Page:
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Friday, 19 October, 2001, 07:40 GMT 08:40 UK
Bringing computers to life
IBM is working on ways to help the net become more self-aware
Soon the net could be healing itself
IBM has unveiled an ambitious initiative to develop technologies that share the basic biological abilities of living organisms.

Senior researchers at the company said the growing complexity of computers and networks demands that the technology does a better job of maintaining and healing itself.

The researchers warn that without these efforts there is a danger that networks will soon become unmanageable.

The company is backing its initiative with its own research program, a series of grants to universities and efforts to make other computer companies sign up.

Grand challenge

This week IBM is sending 75,000 copies of a manifesto written by Paul Horn, senior vice president of IBM Research, that details the aims of its Autonomic Computing initiative.

Mr Horn warns that humans are losing the battle to manage the increasing complexity of computer systems and networks.

This complexity is only going to increase as computer technology shrinks and finds its way into ever more devices.

If the current rates of the expansion of digital technology are maintained, soon there would not be enough people to keep the world's computer systems running, he said.

He called finding ways of handling this complexity the next "grand challenge" facing the technology industry.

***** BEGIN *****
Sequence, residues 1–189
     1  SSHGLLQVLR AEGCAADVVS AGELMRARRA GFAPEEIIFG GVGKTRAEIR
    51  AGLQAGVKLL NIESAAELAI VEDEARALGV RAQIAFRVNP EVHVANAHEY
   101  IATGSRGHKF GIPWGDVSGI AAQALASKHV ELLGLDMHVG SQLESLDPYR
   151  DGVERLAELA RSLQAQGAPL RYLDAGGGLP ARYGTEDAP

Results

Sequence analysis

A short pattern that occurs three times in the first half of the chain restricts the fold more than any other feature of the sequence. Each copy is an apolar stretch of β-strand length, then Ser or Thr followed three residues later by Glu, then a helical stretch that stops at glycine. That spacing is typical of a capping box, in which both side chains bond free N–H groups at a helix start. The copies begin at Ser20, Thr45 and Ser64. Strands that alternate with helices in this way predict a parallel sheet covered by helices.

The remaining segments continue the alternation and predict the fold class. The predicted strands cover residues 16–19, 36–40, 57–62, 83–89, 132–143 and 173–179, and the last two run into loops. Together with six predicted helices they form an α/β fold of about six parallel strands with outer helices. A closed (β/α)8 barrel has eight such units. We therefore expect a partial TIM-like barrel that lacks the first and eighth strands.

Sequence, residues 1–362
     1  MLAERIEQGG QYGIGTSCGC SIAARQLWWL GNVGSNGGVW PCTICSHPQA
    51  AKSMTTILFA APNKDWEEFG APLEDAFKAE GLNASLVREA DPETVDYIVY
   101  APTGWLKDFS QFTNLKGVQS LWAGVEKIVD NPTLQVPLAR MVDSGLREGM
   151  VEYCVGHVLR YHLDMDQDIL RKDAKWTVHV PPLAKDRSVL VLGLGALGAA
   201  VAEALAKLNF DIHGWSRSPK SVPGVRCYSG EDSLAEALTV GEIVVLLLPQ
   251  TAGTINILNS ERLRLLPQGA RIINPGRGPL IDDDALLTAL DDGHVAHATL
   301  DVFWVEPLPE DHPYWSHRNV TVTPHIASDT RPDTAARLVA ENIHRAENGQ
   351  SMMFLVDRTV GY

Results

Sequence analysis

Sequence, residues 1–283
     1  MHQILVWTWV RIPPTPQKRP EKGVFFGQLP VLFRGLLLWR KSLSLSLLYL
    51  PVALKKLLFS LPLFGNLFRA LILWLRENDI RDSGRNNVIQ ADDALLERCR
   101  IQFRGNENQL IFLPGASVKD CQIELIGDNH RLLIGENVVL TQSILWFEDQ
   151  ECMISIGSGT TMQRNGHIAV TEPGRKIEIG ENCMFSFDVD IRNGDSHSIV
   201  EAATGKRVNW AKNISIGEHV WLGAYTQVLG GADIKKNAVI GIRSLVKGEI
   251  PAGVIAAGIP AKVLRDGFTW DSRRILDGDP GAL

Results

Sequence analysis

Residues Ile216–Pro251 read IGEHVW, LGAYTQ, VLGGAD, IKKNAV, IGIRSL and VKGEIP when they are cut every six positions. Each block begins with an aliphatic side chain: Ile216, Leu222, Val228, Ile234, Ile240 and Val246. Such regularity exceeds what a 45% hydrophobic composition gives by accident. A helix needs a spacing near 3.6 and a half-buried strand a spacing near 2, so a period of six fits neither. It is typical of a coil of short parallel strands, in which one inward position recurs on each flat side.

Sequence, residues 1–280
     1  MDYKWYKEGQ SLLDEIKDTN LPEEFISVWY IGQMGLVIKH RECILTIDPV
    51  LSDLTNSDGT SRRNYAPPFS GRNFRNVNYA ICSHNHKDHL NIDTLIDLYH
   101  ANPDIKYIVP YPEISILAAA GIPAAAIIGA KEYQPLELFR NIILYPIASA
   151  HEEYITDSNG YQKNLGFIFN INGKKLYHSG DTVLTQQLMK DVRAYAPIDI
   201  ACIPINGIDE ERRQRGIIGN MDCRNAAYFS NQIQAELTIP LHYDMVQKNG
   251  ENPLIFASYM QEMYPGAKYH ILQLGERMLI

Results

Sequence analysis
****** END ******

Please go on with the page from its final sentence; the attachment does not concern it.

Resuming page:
In the manifesto he said: "The growing complexity of the [technology] infrastructure threatens to undermine the very benefits information technology aims to provide."

Ideally future networks should resemble the autonomic nervous system which maintains and monitors many basic bodily functions without conscious help.

Global power

The autonomic nervous system maintains blood sugar and oxygen levels and monitors temperature. It adjusts the body's heating and cooling systems to keep body temperature hovering around 37C.

What is needed, argued Mr Horn, are computer systems that do a much better job of configuring themselves, can work around disruptions, heal any damage they suffer or fight off potential problems.

IBM is planning its own research programs to create technologies that can turn relatively dumb networks into smarter alternatives.

It is also planning to spend millions over the next five years funding 50 research projects at universities to take on the complex challenge.

The likely outcome of the project is a series of software standards that define how to build software or hardware that has these more biological properties.

IBM is working closely with the Global Grid Forum. This industry body is driving efforts to turn the disparate computing and research capabilities of the world's science labs into a shared pool of resources that anyone can plug into.

This effort is already driving the creation of software that hides the individual quirks of individual machines and instruments behind common interfaces.

See also:

12 Jun 01 | Sci/Tech
Fast chips with bigger bits
02 Aug 01 | Sci/Tech
Computing power on tap
15 May 00 | Sci/Tech
Half the internet is going nowhere
29 Aug 01 | Sci/Tech
Doing science by stealth
28 Jun 00 | Sci/Tech
Powering up the Grid
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